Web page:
Archive for the ‘Truck’ Category
Commercial vehicle lighting, essential for any business whose employees are working in maintenance vehicles, emergency vehicles or otherwise at risk modes of transportation, has caught up with the times. It’s as cost effective and environmentally friendly as the nearest light bulb. Gone are the days when all commercial vehicle illumination involved high wattage light bulbs that lasted for weeks at a time – these days, a company can provide its vehicles with the brighter, longer lasting hit of an LED for pretty much the same money. Though in a welcome concession to the possible expense of refitting a whole fleet with different light shoes, most commercial vehicle lighting companies are also supplying original (albeit long life) bulbs too.
Question: is it more expensive to convert a fleet to using LED type bulbs, or to continue using the old style hot shoe bulb at a longer life rating? We’ve all become aware that environmental costs are not always measured in direct transfer. Sometimes, it’s actually more labour and factory effective, as well as cost effective, to retain the “old” equipment than to invest in new. Particularly if that old equipment still has a lot of life in it. What we’re asking here is this: if, for example, a company has a set of reasonably new trucks, is it better for them to buy commercial vehicle lighting to fit the standard old illuminations or should they scrap their existing fittings, thereby effectively making a waste of all the energy that was used to make them, in favour of new ones?
The answer, of course, depends on the situation. In circumstances such as the ones outlined above it would be environmentally unsound to discard the new fittings before they have lived a useful life. The energy it takes to make fittings in the first place has to be offset by their use otherwise they might as well not have been made at all. That’s why the better commercial vehicle lighting suppliers are deliberately not railroading their customers into buying only LED bulbs: quite sensibly, they’re allowing them to go through a period of adjustment, phasing out their old kit as it becomes obsolete rather than just throwing it away for no reason.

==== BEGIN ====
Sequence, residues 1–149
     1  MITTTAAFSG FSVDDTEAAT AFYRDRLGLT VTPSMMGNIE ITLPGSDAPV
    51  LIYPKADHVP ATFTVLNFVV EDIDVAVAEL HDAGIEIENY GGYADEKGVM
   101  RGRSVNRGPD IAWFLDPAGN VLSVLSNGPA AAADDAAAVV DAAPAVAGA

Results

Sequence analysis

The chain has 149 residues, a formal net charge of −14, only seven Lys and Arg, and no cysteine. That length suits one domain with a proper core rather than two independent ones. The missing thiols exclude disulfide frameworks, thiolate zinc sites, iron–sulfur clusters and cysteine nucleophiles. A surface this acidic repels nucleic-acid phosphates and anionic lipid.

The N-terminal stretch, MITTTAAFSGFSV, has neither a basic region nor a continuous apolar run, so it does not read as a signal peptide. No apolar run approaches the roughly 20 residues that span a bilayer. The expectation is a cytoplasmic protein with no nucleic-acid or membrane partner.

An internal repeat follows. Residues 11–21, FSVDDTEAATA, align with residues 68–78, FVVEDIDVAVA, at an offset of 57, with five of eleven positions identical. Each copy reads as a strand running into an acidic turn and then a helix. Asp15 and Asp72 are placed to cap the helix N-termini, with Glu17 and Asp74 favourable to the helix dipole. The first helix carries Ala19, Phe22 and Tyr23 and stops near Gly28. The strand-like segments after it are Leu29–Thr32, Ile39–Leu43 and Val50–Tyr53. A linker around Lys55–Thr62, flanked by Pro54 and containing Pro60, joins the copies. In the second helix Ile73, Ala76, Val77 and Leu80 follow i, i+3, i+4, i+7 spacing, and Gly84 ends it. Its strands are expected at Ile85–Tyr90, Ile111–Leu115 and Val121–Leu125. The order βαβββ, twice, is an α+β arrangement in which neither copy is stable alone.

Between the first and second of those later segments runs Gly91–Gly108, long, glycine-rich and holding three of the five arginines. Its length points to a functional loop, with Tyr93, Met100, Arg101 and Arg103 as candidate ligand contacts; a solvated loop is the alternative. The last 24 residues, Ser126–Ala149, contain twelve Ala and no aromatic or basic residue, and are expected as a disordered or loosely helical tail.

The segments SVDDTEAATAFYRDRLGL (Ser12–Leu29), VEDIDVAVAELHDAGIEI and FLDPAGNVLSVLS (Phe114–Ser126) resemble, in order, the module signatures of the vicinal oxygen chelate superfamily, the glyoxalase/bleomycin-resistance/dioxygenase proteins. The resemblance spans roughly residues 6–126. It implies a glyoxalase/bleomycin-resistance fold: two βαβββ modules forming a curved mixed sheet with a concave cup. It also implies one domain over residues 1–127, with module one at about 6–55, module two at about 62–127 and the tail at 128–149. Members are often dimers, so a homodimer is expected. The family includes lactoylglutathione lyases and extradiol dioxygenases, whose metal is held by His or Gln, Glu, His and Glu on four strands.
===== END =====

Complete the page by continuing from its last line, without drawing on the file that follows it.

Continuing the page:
It’s heartening to see an industry actually making some sensible adjustments for environmental purposes, rather than just (as many of us have been wont to do) getting all hysterical and chucking away a load of perfectly good kit before it has reached its sale by date. Bear in mind that one is always being exhorted to waste less material. There can’t be a bigger waste of material than discarding serviceable commercial vehicle lighting fittings (the actual shoes that the bulbs sit in) just because they don’t support newer, more energy efficient products. Wait until the old has run out, then bring in the new. That way, all the energy that went into making the bulbs that still exist won’t have gone to waste without reason. That’s a solution that saves material, saves money and still lets businesses thrive.
Millions of people move each year. Boxes, paper, and bubble wrap can accumulate to literally a mountain size pile of waste. It is no surprise that people are exploring ways to “green their move.”
Cardboard boxes account for the largest waste contributor in a move. Brisbane removal companies can provide boxes made of recycled plastic rather than disposable cardboard. If these are not available, don’t go buy new cardboard boxes. Plan ahead and begin collecting boxes from friends and grocery stores. Save boxes from holiday gifts for moving day. Also,cut back on bubble wrap. Packing material can include newspapers, old towels and sheets.
It may seem evident that to be more environmentally friendly you don’t need to accumulate so much stuff in the first place. The less stuff you have the fewer boxes you will need and the less stuff that is moved will save on fuel.